Why Wolfgang Puck Thinks Servers Should Make Six Figures

Workers across America have been trying to get their wages raised for sometime. According to NPR, Target employees' hourly rate just got bumped up to a maximum of $24. The Fight for 15 movement also helped lead the push for a $15 minimum wage across the country and has notably stood with food workers across California, Starbucks workers who continue to unionize across the U.S., and many more groups.

This movement to pay Americans a higher wage has caught on with many, but the ideology has caused a split among a number of celebrities. Eater reports that Guy Fieri raised a ton of money for restaurant relief during the pandemic but had less support for the average restaurant employee, who he claimed would rather sit back and collect unemployment benefits than work. Others, like Wolfgang Puck, have voiced their support for a salary increase for the regular worker and claim that these individuals should make much more money for their hard work.

Wolfgang Puck's payment rationale

According to Yahoo! Finance, renowned chef Wolfgang Puck claimed that a restaurant's wait staff should make as much as the chefs, and some servers should make $120,000 per year. Puck defended this rationale by claiming that tipping culture won't go away anytime soon, and restaurants should implement a service charge in order to ensure that servers make as much as a business' top chef. Puck also cited the massive wage disparity between the kitchen staff and front-of-house staff. On average, the typical server makes half of what a chef brings home, and Puck believes more should be done to level the economic playing field for both jobs, despite rising wages in the restaurant industry.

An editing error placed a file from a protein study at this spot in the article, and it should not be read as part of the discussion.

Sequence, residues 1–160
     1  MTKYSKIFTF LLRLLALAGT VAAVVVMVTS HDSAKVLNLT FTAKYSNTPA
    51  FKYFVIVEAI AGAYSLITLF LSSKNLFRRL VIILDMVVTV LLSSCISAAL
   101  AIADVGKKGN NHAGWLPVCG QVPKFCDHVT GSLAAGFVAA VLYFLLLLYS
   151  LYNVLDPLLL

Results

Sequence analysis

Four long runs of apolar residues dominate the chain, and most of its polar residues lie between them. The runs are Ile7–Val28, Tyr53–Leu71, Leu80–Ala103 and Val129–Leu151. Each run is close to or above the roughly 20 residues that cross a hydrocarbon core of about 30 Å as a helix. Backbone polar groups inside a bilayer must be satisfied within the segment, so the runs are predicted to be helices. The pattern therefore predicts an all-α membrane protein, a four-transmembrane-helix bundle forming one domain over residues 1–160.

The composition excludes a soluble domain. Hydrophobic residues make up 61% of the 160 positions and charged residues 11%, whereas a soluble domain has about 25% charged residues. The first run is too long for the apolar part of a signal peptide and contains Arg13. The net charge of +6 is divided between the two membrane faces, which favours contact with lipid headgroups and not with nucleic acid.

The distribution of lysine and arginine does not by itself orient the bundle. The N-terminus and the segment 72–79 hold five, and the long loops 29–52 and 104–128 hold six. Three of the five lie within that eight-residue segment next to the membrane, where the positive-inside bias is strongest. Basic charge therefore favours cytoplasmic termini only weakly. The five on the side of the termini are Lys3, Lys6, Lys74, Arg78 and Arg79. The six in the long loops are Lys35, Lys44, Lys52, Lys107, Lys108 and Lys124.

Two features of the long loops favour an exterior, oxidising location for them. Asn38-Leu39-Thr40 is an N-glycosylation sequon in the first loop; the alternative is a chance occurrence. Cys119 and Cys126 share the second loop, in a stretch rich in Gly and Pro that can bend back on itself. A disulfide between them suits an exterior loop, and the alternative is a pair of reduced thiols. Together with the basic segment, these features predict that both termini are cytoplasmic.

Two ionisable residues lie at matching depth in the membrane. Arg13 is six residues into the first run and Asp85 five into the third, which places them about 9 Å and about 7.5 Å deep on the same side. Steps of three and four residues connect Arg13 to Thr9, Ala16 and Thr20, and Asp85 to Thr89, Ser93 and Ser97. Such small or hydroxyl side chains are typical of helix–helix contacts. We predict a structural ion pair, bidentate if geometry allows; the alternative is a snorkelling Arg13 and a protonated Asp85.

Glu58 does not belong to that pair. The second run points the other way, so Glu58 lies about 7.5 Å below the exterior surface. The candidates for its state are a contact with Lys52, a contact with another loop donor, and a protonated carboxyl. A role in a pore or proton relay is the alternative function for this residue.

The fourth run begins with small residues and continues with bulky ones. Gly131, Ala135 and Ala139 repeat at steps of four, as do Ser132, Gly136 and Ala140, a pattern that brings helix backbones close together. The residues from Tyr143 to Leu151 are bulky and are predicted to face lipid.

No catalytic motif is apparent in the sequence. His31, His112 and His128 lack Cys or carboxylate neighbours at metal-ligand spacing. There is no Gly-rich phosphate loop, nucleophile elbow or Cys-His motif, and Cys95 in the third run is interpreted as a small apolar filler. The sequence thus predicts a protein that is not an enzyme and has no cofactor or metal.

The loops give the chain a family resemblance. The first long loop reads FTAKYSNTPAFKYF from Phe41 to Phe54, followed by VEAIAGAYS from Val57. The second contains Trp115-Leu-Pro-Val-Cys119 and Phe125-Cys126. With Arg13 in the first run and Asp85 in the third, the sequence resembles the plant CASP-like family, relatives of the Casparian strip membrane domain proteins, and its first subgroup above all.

The star chef also believes the restaurant industry doesn't plan to give up how it does business anytime soon. Puck stated that he knows that waitstaff at higher-end restaurants pull in much more money via tips when compared to workers at smaller establishments and many wouldn't fight to get rid of this system, especially when it may benefit them. At the end of the day, Puck thinks a system that utilizes a service charge evenly distributed to waitstaff and chefs could be an option, but only time can tell if such a model ever makes it into the American dining industry.